From creating materials to planning your discounts, the two detail how to construct a robust rewards program that keep customers coming back.


1. Pinpoint your main goal.

For Hunter and her rewards program, she had to plan it out for six months before it went into action. She assessed the type of vehicles that came into the shop, and what the shop needed to do to increase car count, and address services and repairs customers were neglecting.

Hunter’s Garage was in a rural area, many customers were doing their own oil changes, or getting them done at cheaper quick lube shops. Hunter wanted to create an incentive for those customers to come in, get those oil changes, and get other routine maintenance like tire rotations and brake flushes.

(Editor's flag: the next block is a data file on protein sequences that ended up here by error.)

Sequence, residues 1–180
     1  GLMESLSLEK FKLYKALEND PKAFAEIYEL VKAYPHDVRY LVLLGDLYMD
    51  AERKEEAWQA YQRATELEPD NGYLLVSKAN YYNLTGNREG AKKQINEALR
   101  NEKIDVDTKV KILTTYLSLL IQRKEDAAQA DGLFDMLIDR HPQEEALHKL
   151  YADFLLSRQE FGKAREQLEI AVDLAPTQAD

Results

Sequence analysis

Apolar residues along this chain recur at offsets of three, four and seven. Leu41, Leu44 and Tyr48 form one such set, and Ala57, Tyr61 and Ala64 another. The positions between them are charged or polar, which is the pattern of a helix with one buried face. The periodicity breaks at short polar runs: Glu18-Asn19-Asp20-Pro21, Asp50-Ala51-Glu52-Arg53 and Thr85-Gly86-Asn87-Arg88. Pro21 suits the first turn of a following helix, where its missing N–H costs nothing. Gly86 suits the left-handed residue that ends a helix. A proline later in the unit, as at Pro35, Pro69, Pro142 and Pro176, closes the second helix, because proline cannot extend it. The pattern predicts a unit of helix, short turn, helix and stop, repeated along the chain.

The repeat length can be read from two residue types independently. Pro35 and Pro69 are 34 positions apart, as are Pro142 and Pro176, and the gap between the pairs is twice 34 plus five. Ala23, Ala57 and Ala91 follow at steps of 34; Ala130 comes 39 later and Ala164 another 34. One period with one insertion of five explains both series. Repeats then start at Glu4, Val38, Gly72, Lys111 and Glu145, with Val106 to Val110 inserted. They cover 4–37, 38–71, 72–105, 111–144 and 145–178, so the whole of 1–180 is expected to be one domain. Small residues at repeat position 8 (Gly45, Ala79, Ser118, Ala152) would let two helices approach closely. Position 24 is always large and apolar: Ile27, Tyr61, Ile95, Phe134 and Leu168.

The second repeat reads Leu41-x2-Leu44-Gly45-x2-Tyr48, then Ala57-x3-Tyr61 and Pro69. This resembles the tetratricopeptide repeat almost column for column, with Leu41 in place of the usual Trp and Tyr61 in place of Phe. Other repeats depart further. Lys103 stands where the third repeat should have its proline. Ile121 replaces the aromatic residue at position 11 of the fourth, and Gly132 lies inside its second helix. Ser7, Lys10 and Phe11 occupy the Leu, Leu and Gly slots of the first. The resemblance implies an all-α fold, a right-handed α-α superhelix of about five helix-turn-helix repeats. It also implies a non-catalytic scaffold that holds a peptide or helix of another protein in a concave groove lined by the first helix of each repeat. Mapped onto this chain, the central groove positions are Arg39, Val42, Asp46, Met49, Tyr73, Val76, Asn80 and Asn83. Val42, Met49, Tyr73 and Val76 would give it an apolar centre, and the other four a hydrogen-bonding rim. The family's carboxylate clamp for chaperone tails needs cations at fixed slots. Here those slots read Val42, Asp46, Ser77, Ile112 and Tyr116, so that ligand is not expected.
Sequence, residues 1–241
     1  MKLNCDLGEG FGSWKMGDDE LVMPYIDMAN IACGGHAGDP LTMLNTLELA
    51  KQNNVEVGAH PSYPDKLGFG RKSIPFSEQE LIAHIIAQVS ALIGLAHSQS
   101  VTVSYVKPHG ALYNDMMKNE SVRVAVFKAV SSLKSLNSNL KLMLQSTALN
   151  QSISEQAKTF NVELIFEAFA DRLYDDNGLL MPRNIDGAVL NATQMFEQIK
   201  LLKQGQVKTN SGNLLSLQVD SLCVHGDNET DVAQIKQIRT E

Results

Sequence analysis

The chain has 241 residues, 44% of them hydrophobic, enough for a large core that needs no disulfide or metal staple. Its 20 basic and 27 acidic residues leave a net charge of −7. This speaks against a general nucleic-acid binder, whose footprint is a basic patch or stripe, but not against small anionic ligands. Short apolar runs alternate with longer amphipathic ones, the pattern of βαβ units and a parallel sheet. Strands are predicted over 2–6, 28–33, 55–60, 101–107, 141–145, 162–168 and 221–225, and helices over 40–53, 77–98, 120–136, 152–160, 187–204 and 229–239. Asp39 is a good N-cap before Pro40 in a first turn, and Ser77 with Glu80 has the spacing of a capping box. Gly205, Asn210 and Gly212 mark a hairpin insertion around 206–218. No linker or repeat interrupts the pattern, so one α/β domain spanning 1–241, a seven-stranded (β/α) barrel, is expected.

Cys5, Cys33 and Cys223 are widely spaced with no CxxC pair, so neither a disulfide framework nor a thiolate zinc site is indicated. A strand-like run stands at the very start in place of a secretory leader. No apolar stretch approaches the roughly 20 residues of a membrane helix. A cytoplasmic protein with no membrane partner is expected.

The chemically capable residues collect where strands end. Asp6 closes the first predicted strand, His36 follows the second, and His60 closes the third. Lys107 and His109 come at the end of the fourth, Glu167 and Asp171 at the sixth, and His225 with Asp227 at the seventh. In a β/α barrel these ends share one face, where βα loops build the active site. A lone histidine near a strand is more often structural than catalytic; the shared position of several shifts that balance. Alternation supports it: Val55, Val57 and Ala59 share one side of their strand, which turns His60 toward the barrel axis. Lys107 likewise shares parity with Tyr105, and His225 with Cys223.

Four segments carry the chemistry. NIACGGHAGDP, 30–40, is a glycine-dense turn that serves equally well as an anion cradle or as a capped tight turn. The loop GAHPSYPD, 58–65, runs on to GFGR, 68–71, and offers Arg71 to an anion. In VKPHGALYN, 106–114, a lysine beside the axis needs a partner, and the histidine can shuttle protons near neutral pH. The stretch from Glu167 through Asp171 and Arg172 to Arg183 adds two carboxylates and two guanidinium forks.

For Lachowitzer, the main goal was to reward loyal customers for coming back, and give them an added incentive to bring in new quality customers. He first started with a punch card system, which shifted into an inexpensive gift card, and then the branded loyalty card. After implementing this program, he’s given out over 1,500 cards, and has had 12–15 referrals per month since its implementation.

“The key is to start simple, and don’t overthink it,” Lachowitzer says.


2. Be smart about your investment.

Both shop owners say it should be a small investment to create your cards, decals, or whatever items you’re creating in a program like this, and it’s important to be resourceful. Lachowitzer produces about 500 branded cards per year, which cost around $500. Lachowitzer says it’s important for his cards to be branded in full shop colors, but for a company looking into this, the cost could be around $200–$300 for 500 cards.